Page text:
In a fascinating essay published in The Atlantic in 1998, Edward O. Wilson digs into us to try to understand — The Biological Basis of Morality — and he leavens our understanding of faith and facts by pitting religious transcendentalism against scientific empiricism. Wilson argues, in a thought-provoking and wide-ranging article, that the fate of the human condition rests in tempering a harmony between those opposite, and irreconcilable, philosophies.
I am most fascinated by Wilson’s connection of the hierarchy of the animal world and aggressive, evolutionary, human behavior.
Wilson argues we have an undeniable animal instinct to obey power and to also fight for control — and those of us that understand those coded, animalistic rhythms, can exploit our embedded, involuntary, twitch responses for their success and our failure:
Modern human beings are unlikely to have erased the old mammalian genetic programs and devised other means of distributing power. All the evidence suggests that they have not. True to their primate heritage, people are easily seduced by confident, charismatic leaders, especially males. That predisposition is strong in religious organizations. Cults form around such leaders. Their power grows if they can persuasively claim special access to the supremely dominant, typically male figure of God. As cults evolve into religions, the image of the Supreme Being is reinforced by myth and liturgy. In time the authority of the founders and their successors is graven in sacred texts. Unruly subordinates, known as “blasphemers,” are squashed.The symbol-forming human mind, however, never remains satisfied with raw, apish feeling in any emotional realm. It strives to build cultures that are maximally rewarding in every dimension. Ritual and prayer permit religious believers to be in direct touch with the Supreme Being; consolation from coreligionists softens otherwise unbearable grief; the unexplainable is explained; and an oceanic sense of communion with the larger whole is made possible.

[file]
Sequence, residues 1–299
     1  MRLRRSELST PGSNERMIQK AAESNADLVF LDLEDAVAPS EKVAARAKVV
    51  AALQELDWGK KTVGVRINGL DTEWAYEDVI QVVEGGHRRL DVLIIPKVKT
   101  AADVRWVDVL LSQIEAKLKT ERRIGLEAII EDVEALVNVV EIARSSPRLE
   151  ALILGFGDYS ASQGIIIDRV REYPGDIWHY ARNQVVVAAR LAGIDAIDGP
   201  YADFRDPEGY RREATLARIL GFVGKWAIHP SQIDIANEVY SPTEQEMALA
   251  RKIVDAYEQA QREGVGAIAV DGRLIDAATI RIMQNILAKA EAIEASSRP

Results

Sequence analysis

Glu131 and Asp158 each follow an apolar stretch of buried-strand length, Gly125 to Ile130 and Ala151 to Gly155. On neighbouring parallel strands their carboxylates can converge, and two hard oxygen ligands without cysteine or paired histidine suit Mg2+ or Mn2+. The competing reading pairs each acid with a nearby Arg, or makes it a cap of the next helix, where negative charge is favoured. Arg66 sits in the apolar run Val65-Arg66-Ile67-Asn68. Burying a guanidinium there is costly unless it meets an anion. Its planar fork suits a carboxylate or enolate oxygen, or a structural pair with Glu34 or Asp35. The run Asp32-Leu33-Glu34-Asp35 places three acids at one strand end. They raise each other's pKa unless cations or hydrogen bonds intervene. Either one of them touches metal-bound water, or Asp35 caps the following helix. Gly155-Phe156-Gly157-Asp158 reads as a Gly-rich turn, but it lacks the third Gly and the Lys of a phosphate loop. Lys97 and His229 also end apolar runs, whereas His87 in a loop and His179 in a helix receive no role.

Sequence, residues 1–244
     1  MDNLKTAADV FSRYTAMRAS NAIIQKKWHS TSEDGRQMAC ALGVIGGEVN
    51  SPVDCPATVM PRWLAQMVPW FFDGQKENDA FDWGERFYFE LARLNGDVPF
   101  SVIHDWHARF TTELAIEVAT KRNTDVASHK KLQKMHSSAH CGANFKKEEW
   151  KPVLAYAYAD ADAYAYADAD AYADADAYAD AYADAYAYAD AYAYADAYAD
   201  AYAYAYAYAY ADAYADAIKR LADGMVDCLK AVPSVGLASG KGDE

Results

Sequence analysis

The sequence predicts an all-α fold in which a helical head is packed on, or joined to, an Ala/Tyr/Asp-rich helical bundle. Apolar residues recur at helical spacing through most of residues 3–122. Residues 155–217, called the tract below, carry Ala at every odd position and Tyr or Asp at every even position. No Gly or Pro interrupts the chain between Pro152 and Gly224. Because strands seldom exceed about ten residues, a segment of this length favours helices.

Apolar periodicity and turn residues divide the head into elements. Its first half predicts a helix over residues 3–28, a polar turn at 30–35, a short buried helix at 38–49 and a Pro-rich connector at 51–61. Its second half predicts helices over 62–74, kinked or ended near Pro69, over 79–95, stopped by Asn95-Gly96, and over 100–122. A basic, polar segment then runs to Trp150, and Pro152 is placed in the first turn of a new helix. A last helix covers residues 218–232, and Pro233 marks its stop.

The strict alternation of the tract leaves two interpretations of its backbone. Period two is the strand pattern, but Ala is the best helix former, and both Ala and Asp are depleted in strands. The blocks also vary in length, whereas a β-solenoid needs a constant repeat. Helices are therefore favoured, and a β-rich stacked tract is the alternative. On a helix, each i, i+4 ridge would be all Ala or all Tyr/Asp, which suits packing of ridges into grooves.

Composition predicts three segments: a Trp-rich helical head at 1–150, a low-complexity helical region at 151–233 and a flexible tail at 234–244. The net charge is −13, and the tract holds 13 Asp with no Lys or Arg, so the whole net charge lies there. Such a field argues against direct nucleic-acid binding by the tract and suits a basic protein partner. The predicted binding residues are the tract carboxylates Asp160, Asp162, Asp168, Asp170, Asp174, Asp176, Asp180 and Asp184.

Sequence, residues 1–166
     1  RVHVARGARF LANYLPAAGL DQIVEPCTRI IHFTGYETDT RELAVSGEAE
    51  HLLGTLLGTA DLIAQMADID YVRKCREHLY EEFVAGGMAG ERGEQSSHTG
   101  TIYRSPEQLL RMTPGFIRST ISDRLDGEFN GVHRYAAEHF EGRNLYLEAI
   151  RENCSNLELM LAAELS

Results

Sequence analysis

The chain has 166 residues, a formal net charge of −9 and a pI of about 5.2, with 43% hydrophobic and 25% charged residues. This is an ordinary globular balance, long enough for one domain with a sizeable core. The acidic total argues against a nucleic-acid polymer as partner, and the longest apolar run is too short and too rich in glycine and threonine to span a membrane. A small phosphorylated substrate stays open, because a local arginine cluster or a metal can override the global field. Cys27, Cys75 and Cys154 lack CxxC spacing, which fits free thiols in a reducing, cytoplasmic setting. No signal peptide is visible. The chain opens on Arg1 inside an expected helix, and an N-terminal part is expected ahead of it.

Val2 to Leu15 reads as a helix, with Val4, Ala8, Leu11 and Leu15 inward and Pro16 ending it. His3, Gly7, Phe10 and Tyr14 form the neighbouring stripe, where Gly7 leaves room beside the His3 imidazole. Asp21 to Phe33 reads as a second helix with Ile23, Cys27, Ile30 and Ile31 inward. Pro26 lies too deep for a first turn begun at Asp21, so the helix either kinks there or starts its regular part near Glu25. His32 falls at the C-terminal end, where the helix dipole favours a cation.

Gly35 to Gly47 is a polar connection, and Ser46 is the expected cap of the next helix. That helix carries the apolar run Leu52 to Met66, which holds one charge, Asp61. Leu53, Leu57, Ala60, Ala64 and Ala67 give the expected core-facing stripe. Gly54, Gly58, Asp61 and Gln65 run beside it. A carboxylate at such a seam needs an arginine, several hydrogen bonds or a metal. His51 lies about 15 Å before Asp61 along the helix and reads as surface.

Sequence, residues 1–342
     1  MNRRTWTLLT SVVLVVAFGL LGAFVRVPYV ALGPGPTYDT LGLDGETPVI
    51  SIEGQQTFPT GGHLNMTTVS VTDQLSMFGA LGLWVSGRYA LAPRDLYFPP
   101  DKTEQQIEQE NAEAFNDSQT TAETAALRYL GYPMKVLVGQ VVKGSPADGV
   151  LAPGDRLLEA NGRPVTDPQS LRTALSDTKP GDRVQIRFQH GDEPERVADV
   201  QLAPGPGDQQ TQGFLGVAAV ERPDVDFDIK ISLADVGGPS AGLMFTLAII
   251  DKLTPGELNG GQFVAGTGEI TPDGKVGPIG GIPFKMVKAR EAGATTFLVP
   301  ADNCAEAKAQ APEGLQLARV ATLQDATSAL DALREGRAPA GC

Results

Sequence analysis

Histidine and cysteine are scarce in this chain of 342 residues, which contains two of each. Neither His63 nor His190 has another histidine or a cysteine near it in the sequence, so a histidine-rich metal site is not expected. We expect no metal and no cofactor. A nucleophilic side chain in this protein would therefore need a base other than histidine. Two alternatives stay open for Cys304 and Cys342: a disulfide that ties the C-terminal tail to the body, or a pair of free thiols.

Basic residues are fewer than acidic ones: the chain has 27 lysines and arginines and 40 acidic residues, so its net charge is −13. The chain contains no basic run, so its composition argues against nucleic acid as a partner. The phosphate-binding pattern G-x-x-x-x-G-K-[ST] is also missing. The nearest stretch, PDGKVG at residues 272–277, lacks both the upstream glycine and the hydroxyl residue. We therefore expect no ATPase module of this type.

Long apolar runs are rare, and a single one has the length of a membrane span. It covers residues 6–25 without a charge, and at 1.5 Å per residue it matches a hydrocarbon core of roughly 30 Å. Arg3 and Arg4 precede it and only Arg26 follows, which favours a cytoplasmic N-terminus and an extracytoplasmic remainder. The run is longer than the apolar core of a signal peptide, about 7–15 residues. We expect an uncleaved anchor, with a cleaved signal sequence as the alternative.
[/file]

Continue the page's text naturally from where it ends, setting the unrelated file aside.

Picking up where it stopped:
Communion is the key, and hope rising from it is eternal; out of the dark night of the soul arises the prospect of a spiritual journey to the light. For a special few the journey can be taken in this life. The mind reflects in certain ways in order to reach ever higher levels of enlightenment, until finally, when no further progress is possible, it enters a mystical union with the whole. Within the great religions such enlightenment is expressed by Hindu samadhi, Buddhist Zen satori, Sufi fana, and Pentecostal Christian rebirth. Something like it is also experienced by hallucinating preliterate shamans. What all these celebrants evidently feel (as I felt once, to some degree, as a reborn evangelical) is hard to put in words, but Willa Cather came as close as possible in a single sentence. In My Antonia her fictional narrator says, “That is happiness; to be dissolved into something complete and great.”
In a previous article — Primate Morality and Shared Values: Are We Aping Them? — I wrote about the cross-cultural connections we share with apes, including the ideas of “reciprocity, punishment, peace-making, empathy and setting rules with punishments.”
Now I wonder if science will ever reveal the mysteries of religious dedication and morality and if religion can ever provide undeniable proof that even science requires an unbending faith that can never be understood or mapped for dissection — because the moment the belief is cleaved by cold fact, both religious transcendentalism and scientific empiricism dissolve into nothingness — never to be touched by human hand or mandated by godhead again.